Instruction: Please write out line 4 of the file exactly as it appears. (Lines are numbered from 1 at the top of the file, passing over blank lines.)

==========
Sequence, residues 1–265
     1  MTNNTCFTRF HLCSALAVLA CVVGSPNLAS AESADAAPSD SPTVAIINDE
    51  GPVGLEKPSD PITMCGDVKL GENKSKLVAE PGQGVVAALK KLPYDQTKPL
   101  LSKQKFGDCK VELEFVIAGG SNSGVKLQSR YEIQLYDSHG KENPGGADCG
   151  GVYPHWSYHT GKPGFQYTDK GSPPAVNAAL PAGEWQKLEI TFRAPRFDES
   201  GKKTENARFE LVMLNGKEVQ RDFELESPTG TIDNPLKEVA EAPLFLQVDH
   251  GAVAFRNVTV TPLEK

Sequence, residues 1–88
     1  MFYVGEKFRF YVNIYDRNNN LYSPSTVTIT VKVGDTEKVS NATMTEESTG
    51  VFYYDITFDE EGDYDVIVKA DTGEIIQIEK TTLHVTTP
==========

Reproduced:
   101  LSKQKFGDCK VELEFVIAGG SNSGVKLQSR YEIQLYDSHG KENPGGADCG